Festoon

1620s, from Fr. feston, from It. festone; a festive ornament, apparently from festa, celebration, feast

Every day, the neighborhood and its routines with only slight variations: the man who works for the newspaper brings his only daughter to the corner to wait for the school bus, then gets into his white Jeep and drives away. There are not many young children her age around here, but that might change in a few years. The music professor who lives in the last brownstone on the row walks a dog, a golden retriever, around the triangle and back. This dog is a loaner; it is not the same dog who was his longtime friend and companion but had been given or sold— I forget— to a different family on this street. This dog, the one he loved the best, returned to him when the daughter married and moved away; it wanted to die in its old home. He is stooped and walks more slowly now, but he still gives private lessons to college students. He inclines his head thoughtfully in a way that suggests he is always listening for music. Each New Year day, the couple in the middle of the row open their home and hold a potluck. Everyone was surprised to learn they had just gotten married last Saturday, after 29 years together. Week before Christmas, the woman who lives with her husband on a boat docked in the river was trying to put up Christmas lights. She was on a tall ladder, up near the mast; wild current coursed through wire and her tiny frame. She says, she could not unclench her lips even to scream. It was early twilight, no one was about. By some miracle or weakened pulse in the circuit, she broke free, threw herself off and into the water. We are near the coast, not too far inland. Otherwise there might have been fresh snow, branches laid over with crystalline webs obviating any need for lights.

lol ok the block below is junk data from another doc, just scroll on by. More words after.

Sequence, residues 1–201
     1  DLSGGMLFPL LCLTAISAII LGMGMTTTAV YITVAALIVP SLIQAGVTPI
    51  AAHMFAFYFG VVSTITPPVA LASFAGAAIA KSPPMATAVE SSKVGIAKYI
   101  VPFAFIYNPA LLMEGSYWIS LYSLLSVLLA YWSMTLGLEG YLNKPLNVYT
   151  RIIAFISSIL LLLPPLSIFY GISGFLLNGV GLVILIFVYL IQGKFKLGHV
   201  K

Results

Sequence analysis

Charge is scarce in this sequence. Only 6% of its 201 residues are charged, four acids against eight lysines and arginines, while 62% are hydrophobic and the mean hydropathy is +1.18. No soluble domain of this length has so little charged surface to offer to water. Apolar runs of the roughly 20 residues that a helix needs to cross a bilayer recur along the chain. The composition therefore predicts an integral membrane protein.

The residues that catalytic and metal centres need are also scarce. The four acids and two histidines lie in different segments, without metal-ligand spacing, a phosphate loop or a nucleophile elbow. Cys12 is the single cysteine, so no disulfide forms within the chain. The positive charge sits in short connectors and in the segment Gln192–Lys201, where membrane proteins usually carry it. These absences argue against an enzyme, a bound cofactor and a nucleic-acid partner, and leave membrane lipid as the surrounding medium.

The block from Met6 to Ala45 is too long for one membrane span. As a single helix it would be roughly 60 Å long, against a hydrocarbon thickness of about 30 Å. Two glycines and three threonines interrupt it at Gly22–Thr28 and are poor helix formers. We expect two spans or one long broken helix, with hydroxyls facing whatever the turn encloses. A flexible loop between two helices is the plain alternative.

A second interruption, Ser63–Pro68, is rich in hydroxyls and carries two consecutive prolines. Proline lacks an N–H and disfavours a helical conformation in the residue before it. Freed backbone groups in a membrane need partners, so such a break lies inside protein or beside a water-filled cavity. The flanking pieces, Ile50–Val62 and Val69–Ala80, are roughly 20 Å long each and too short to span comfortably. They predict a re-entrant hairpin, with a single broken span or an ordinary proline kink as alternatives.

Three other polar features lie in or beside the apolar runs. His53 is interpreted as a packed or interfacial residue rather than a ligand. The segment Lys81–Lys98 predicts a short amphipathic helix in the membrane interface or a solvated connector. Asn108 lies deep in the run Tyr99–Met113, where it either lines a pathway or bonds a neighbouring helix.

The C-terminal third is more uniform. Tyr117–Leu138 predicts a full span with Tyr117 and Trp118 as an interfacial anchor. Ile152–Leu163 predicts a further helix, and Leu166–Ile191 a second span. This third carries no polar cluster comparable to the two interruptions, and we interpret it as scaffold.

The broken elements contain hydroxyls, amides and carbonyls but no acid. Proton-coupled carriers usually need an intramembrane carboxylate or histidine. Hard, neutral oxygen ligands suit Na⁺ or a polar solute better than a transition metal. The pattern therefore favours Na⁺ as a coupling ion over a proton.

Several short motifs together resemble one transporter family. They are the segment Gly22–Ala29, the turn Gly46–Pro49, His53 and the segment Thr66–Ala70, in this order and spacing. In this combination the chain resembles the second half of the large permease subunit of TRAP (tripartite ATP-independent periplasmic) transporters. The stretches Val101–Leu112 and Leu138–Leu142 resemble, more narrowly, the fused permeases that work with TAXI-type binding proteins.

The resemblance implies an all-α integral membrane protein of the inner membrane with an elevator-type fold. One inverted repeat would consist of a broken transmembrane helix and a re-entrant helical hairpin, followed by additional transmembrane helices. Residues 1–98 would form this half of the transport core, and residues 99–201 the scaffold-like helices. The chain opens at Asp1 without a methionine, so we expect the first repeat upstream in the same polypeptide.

In response to an entry from the Morning Porch.

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